University Of Tasmania

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Linking xylem network failure with leaf tissue death

journal contribution
posted on 2023-05-21, 02:37 authored by Timothy BrodribbTimothy Brodribb, Brodersen, CR, Marc Carriqui AlcoverMarc Carriqui Alcover, Vanessa TonetVanessa Tonet, Rodriguez Dominguez, C, McAdam, S
  • Global warming is expected to dramatically accelerate forest mortality as temperature and drought intensity increase. Predicting the magnitude of this impact urgently requires an understanding of the process connecting atmospheric drying to plant tissue damage. Recent episodes of forest mortality worldwide have been widely attributed to dry conditions causing acute damage to plant vascular systems. Under this scenario vascular embolisms produced by water stress are thought to cause plant death, yet this hypothetical trajectory has never been empirically demonstrated.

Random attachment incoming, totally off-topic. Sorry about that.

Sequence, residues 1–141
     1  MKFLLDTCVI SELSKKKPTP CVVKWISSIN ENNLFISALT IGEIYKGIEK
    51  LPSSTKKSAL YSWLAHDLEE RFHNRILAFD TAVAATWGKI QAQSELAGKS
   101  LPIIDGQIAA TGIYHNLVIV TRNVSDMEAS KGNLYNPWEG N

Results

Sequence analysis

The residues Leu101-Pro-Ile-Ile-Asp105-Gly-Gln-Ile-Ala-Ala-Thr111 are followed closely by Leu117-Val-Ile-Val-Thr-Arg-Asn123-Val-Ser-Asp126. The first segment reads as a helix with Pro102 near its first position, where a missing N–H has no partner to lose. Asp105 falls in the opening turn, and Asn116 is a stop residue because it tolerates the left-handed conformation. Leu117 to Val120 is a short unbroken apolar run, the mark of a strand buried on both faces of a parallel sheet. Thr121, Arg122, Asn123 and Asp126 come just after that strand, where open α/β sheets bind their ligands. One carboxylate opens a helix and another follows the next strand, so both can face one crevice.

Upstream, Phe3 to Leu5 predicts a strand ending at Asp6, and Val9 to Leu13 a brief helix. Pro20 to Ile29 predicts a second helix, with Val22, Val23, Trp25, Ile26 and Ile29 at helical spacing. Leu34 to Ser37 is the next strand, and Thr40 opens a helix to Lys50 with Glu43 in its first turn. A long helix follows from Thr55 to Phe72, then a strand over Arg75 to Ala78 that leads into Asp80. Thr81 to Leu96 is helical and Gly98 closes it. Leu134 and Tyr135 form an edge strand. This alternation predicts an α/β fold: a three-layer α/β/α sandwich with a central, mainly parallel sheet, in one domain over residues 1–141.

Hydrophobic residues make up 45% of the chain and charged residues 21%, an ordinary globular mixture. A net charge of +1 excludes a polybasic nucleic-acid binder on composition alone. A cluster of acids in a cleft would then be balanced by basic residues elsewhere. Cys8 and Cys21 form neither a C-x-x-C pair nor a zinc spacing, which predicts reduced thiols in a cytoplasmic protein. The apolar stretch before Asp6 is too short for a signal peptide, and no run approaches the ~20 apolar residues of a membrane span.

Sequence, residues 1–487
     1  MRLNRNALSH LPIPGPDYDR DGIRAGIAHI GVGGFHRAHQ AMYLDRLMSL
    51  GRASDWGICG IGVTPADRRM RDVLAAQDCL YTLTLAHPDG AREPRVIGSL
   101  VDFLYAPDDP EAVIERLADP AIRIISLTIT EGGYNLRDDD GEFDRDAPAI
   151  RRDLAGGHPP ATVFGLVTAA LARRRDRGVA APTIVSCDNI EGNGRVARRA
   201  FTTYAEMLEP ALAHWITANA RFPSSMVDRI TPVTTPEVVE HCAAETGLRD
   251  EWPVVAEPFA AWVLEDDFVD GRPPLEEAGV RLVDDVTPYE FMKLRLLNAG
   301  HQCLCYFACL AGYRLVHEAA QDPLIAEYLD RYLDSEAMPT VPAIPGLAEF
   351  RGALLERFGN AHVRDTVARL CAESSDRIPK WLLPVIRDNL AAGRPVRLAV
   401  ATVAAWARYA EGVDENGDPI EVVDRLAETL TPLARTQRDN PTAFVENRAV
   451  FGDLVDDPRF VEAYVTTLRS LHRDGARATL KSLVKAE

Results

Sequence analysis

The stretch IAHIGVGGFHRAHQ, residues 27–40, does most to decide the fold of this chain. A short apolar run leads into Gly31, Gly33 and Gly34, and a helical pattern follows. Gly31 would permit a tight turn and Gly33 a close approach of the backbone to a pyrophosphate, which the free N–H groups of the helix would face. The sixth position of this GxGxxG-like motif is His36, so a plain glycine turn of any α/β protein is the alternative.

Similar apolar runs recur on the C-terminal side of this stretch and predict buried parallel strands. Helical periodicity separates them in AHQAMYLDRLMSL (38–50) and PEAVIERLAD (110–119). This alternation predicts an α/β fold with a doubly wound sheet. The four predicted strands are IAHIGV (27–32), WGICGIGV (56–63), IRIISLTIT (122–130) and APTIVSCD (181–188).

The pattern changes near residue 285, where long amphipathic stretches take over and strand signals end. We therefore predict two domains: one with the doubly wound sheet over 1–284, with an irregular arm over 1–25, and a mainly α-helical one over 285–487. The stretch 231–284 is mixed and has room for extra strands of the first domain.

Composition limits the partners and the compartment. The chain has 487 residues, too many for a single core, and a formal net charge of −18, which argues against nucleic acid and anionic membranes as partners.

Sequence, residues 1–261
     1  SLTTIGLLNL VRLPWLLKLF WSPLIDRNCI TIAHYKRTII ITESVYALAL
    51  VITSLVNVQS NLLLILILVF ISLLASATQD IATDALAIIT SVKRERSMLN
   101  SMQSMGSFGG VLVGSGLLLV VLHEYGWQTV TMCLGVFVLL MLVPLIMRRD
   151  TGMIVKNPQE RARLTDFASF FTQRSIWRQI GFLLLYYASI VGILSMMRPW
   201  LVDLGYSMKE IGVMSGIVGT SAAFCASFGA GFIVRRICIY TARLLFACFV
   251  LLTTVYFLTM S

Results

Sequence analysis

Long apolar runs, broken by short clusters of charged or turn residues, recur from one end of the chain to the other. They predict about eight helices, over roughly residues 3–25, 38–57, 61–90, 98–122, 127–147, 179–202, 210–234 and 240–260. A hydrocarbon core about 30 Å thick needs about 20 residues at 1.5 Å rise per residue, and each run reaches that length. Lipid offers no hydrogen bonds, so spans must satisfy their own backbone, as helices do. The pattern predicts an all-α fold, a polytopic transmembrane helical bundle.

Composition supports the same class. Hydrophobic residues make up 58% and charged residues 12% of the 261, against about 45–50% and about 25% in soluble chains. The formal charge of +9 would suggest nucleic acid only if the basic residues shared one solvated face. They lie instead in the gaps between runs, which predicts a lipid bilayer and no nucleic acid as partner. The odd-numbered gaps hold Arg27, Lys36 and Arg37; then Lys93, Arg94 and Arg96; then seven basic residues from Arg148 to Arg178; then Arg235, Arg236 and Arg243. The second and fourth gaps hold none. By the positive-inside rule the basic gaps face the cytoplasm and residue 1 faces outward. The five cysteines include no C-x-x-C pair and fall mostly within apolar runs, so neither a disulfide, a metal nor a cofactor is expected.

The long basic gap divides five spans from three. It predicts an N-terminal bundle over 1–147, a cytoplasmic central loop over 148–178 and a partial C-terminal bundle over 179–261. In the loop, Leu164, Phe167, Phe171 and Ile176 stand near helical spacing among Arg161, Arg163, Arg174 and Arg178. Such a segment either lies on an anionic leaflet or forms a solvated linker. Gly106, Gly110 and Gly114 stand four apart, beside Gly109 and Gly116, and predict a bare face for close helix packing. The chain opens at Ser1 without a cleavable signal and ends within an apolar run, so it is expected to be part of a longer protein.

• Here we provide foundational evidence connecting failure in the vascular network of leaves with tissue damage caused during water stress.
  • We observe a catastrophic sequence initiated by water column breakage under tension in leaf veins which severs local leaf tissue water supply, immediately causing acute cellular dehydration and irreversible damage.
  • By highlighting the primacy of vascular network failure in the death of leaves exposed to drought or evaporative stress our results provide a strong mechanistic foundation upon which models of plant damage in response to dehydration can be confidently structured.


Australian Research Council


Publication title

New Phytologist








School of Natural Sciences


Wiley-Blackwell Publishing Ltd.

Place of publication

United Kingdom

Rights statement

Copyright 2021 The Authors

Repository Status

  • Restricted

Socio-economic Objectives

Effects of climate change on Australia (excl. social impacts); Native forests